I was working on a Facebook account for the library for a while before the 23 Thing’s opportunity came up, trying to create a forum for chat and recommendations amongst the patrons themselves, particularly the YA crowd. However, I have had the worst time getting Facebook to accept the library as a “real name” – every time I tried (even attempting to open a whole new account), it was automatically, and frustratingly, rejected. I knew it was possible because I had seen several other libraries on Facebook – it’s just a matter a finagling (it finally consented to take a hyphenated version of the library’s name for further consideration).
I am a little worried about the time factor in keeping up with all of these hyper-interfaced conversations, though, as most days it is all we can fit into a few hours to keep up with the face-to-face exchanges. Doubtlessly, it’s a completely unfounded concern. Intended to foster dialogue between patrons themselves, both the Facebook account and the blog (established as an open forum) should be relatively self-sustaining discussion groups. And as I am finding, it’s not the overwhelming response I ought to concern myself with, but more likely the lack thereof.
I do hope that some of these technological things are useful to our patrons, and that some of them may take the space and time to talk to each other, ANDDD hopefully somewhere in the process find a good book or two, which is still what the library is all about to me….
The particular question posed for this assignment was: What do you think of libraries using social networking sites? I think that nothing will ever displace the satisfaction of picking up a real book made of touchable paper with flippable pages and sitting in a circle with a group of 8 or 10 other women who have read the same book they also hold in their hands, and talking about what happened in the pages, out of the pages, in and to the characters, and in and to us as readers. Nothing will displace the satisfaction of meeting new people coming in and asking “how do I get a membership?,” or checking out a stack of books to people who can barely wait to get home to crack them open, or sitting in front of the 520s with a little girl who has a newfound fascination with astronomy and wants to know how stars are born. This is what I find most meaningful.
So what do I think? I think “social networking” is a lower form of human interaction. But, unfortunate as it is, I also think that since social networking has so virally spread, if we as libraries want to best reach our patrons, then, like it or not, we must traipse ourselves to the hyperworld of linked friends, status updates, and the choppy delays of message board conversings….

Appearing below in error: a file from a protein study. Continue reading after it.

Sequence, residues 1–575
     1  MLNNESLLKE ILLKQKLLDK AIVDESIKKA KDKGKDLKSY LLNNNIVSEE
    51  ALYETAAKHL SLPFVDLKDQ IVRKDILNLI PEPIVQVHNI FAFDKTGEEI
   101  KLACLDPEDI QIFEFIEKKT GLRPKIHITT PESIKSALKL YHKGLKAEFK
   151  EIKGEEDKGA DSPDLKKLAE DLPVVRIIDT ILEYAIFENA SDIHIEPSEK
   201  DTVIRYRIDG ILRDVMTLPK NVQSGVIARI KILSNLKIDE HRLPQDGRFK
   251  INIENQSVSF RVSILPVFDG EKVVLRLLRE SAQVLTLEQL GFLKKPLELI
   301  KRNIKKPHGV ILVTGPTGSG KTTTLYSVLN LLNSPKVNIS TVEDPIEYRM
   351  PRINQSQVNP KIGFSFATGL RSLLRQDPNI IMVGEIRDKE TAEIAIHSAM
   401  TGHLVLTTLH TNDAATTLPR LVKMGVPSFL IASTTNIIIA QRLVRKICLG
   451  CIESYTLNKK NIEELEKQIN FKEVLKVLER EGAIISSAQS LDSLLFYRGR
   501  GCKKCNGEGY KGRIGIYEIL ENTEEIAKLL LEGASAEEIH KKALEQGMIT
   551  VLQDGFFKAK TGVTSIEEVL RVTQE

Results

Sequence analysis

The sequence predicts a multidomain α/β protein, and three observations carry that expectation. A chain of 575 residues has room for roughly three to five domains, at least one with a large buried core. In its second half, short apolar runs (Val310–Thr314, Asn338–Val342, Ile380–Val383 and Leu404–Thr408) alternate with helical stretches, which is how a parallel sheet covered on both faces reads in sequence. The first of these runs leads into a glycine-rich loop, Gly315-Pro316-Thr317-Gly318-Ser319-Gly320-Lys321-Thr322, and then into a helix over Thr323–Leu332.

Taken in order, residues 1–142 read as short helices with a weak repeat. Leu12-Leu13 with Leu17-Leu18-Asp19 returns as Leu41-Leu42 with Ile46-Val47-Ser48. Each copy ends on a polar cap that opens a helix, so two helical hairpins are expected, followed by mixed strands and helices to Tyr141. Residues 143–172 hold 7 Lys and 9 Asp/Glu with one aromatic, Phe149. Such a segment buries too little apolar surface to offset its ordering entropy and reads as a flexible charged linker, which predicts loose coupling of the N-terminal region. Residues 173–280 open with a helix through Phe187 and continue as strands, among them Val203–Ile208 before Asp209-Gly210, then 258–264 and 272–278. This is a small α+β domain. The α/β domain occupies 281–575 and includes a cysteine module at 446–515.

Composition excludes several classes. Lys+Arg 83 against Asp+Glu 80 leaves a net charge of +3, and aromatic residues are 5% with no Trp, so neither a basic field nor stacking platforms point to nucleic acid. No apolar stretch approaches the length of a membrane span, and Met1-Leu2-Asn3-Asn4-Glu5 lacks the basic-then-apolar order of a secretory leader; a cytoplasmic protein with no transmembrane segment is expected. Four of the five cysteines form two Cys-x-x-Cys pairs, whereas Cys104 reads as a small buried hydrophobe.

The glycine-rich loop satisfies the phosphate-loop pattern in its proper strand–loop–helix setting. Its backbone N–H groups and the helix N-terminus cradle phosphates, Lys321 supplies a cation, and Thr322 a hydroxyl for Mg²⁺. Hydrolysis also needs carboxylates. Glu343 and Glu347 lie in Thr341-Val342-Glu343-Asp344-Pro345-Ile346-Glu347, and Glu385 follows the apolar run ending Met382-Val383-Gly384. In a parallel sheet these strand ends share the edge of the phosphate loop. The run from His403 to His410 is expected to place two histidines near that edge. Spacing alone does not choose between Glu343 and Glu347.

My feeds: Pop Goes the Library, NPR for news, Library Stuff, Technorati, and Lifehacker for resources/tech info, Unshelved for a little humor, and the Library of Congress blog because it actually looks interesting….
One of the writing prompts for posting on Thing 7 was “How can libraries use RSS or take advantage of this new technology?” First given that question, I had no immediate answer, but adding RSS feeds per the exercise, I soon enough stumbled upon an answer in the LIS News – Librarian and Information Science feed in a bold headline proclaiming: Public Libraries Told to Innovate or Die Out. Hmmm, I guess that seems like a good enough use reason to me…. Suggestions given to the London-based libraries this directive was addressed to included “introducing a web-based lending service with home delivery and striking deals with Starbucks or Costa” and opening during evenings and all weekend. This struck me as such a peculiarly relevant find considering the Listen Up! Vermont audio book consortium just took effect one week ago tomorrow.
On a graver note regarding libraries and their use of RSS feed and technology, check out the Annoyed Librarian’s blogpost (http://annoyedlibrarian.blogspot.com/) from Wednesday, March 5. Particularly interesting in light of London’s dictate to their public libraries and what might now comprise professional activities….